(NaturalNews) In a controlled study published in September 2010 of 156 7th graders aged 13 and 14 years-old, students were taught and practiced qigong moving meditation during school. Kids in the control group had normal school activities. The qigong group practiced for 25 minutes twice a week for 8 weeks. Prior to and after the study all the children received surveys to assess well-being at school, psychological distress, self-image, and stress. The qigong group had reduced psychological distress and stress, and improved self-image compared to the control group. Students also answered an open question about whether qigong practice had affected them. Answers included statements like: "It gives you a chance to calm down" (18 pupils), or "I feel more alert and awake" (11 pupils), or "I am more concentrated," or "I work better after qigong" (Terjestam 2010).
Many kids (34 percent) were not motivated to do the exercises. They said they found them boring. Getting students to participate in meditation or moving meditation exercise like qigong, tai chi, or yoga may need to be encouraged or required at school. The benefits of these practices for students have been documented in several previous studies. A study of elementary school second grade students showed that qigong improved behavior and grades (Witt 2005). Another study of elementary and high school students showed that qigong had a significant effect on reducing aggression with a calming and energizing influence (Witt 2007). Tai chi has demonstrated similar benefits for children. A study of tai chi in adolescents documented improvement in anxiety, conduct, and hyperactivity, with less expression of inappropriate emotions (Hernandez-Reif 2001).
Stress reactions, depression, and anxiety are common symptoms in students. Reactions to stress such as headaches, stomach pain, and sleep disturbance are also common during adolescence. Any practice that has a calming effect should be beneficial for stress reduction in students. Qigong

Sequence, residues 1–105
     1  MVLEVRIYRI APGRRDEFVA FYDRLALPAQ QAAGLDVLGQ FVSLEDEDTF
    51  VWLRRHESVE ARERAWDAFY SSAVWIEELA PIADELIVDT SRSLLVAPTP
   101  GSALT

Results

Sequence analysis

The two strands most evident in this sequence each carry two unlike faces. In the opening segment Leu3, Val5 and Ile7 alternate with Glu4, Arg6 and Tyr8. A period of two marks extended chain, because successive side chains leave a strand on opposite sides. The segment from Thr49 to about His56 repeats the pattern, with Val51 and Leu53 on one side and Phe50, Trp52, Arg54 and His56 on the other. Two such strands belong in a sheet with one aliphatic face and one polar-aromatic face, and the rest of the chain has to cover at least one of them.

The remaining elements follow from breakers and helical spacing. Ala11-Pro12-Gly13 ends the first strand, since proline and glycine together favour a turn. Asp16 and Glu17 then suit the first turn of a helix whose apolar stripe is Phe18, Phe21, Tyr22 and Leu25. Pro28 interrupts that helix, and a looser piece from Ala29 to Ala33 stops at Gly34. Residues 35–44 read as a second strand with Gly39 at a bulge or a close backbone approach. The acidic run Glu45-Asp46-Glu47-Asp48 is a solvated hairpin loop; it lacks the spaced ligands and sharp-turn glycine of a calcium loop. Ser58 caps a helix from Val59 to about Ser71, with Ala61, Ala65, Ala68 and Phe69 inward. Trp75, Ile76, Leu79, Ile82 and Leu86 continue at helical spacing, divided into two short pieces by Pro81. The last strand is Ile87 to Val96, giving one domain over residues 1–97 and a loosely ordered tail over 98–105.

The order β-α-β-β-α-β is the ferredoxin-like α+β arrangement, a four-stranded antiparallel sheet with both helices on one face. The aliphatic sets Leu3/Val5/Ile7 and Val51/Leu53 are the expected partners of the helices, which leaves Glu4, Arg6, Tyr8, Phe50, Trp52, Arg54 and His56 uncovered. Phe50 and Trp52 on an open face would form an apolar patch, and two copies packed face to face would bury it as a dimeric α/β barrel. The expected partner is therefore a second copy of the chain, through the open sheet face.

has also been reported to improve sleep, decrease headaches, and have a beneficial effect on cardiovascular disease and several other health problems (Jahnke 2010). Students who are vulnerable to the increasing stress
of school would be especially helped by these forms of moving meditation.
Hernandez-Reif M, Fiels TM, Thimas E. Attention deficit hyperactivity disorder: Benefits from Tai chi. Journal of Bodywork and Movement Therapy. 2001; 5:120-123.
Jahnke R, Larkey L, Rogers C, Etnier J, Lin F. A comprehensive review of health benefits of qigong and tai chi. American Journal of Health Promotion. 2010 Jul-Aug;24(6):e1-e25.
Terjestam Y, Jouper J, Johansson C. Effects of scheduled Qigong exercise
on people's well-being, self-image, distress, and stress. Journal of Alternative and Complementary Medicine. 2010; 16 (9):939-944.
Witt C, Becker M, Bandelin K, Soellner R, Willich SN. Qigong for schoolchildren: A pilot study. Journal of Alternative and Complementary Medicine. 2005; 11 (1):41-47.
Witt C, Becker M, Bandelin K, Willich SN. Xianggong ('Fragrant Qigong) for the health of school children: A qualitative pilot study of feasibility and effects. Journal of Chinese Medicine. 2007, 84:46-51.
About the author
Dr. Randall Neustaedter, OMD, has practiced and taught holistic medicine for more than thirty years in the San Francisco Bay area, specializing in child health care. He is a licensed acupuncturist and doctor of Chinese medicine, author of The Holistic Baby Guide, Child Health Guide and The Vaccine Guide. Visit his website, www.cure-guide.com,
to register for a free newsletter with pediatric specialty articles and follow him on Facebook, username cureguide1 or Dr. Randall Neustaedter, OMD.